Chief Justice John Roberts suffered a seizure today near his summer home in Maine. A neurological workup showed no cause for concern, and doctors diagnosed a "benign idiopathic seizure" -- a diagnosis made more assured by the fact that Roberts had one similar seizure in 1993. He suffered only "minor scrapes" from falling.
Anyone can have a seizure under certain conditions -- high fever, low blood sugar, and sleep deprivation are among them -- and some people have a lower threshold than others, or an "irritable focus" in some part of the brain that can trigger a seizure with particular sensory or chemical stimulation. (I learned this because J has had a handful of seizures in his lifetime. In his case the triggers seemed to be a combination of emotional and visual.) If Roberts' seizures were ever to occur frequently enough to impinge on his work -- which they're not, given that this is his second one in fifteen years -- they could almost certainly be controlled by medication.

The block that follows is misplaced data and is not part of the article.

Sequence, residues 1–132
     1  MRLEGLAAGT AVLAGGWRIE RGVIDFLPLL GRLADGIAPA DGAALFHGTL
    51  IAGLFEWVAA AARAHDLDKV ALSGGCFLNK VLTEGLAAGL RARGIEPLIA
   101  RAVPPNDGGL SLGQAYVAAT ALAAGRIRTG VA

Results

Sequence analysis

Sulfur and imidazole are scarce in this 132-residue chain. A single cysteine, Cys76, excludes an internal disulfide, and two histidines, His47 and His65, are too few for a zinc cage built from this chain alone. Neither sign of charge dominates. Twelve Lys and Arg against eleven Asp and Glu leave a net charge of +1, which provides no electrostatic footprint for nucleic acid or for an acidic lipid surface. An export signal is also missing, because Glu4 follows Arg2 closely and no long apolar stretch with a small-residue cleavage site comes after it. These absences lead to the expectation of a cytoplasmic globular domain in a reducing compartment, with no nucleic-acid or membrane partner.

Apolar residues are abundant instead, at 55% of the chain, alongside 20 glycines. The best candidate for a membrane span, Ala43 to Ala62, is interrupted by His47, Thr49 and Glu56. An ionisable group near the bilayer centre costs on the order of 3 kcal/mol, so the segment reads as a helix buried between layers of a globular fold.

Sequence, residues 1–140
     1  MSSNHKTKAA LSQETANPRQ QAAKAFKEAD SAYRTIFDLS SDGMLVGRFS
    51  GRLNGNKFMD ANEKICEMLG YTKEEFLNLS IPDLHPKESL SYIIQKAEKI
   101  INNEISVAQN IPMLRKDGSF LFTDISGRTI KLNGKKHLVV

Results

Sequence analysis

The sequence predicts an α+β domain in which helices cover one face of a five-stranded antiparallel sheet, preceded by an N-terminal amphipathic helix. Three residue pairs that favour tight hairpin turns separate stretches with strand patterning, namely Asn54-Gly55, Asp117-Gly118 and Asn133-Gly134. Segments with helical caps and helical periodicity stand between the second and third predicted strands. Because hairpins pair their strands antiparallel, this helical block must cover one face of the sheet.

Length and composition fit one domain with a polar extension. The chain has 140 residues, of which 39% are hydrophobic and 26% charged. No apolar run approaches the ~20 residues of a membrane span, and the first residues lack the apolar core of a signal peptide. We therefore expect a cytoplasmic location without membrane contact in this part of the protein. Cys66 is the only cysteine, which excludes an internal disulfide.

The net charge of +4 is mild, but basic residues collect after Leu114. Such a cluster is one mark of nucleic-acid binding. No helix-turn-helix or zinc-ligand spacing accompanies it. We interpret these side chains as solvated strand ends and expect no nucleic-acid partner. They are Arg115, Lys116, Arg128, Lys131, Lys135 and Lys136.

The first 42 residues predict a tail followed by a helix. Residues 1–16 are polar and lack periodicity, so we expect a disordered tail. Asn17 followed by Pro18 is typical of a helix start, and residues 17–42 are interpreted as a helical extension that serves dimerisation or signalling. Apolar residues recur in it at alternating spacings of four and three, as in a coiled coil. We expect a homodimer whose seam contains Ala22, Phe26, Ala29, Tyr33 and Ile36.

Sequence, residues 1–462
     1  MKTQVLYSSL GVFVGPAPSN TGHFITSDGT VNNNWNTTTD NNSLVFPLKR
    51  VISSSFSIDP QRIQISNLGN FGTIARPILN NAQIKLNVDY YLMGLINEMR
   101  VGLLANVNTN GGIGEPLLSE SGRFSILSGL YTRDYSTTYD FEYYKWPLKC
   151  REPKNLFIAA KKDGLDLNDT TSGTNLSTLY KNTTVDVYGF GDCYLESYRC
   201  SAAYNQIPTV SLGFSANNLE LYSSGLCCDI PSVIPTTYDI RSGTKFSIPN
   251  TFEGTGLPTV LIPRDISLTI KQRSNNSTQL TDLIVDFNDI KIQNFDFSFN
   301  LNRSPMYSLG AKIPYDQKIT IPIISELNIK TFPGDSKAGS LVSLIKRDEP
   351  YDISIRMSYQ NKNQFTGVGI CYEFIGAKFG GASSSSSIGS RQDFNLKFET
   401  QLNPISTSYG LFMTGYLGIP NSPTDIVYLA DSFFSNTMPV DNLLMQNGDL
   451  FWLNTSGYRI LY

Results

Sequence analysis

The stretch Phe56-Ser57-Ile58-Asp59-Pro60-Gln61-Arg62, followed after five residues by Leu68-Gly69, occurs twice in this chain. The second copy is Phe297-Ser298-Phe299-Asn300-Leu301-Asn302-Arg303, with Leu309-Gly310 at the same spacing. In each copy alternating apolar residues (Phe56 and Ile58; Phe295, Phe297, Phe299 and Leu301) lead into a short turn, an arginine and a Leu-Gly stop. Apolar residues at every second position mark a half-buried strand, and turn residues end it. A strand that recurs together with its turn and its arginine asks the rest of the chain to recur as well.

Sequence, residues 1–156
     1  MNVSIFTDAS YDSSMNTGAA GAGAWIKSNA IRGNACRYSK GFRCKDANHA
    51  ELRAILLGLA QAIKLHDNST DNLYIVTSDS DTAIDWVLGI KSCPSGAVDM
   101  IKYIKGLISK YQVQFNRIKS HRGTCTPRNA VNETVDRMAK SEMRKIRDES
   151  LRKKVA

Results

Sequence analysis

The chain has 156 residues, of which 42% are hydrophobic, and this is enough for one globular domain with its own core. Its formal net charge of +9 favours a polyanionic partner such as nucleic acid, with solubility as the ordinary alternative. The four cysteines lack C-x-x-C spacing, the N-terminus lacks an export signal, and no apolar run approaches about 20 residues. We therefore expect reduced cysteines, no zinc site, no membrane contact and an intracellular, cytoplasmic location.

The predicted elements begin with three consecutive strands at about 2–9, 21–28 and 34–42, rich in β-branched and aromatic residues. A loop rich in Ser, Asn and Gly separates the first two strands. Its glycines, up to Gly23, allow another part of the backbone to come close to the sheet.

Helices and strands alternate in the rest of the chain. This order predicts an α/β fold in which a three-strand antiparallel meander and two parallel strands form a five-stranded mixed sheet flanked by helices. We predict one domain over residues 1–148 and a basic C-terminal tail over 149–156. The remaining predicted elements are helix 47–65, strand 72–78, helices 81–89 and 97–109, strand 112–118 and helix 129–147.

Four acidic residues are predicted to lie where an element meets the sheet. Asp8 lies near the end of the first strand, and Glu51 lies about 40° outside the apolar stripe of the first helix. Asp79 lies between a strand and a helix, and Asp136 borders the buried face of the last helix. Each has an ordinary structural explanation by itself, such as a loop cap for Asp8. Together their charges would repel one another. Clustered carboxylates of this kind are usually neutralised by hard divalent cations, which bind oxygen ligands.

In other words: almost certainly no big deal.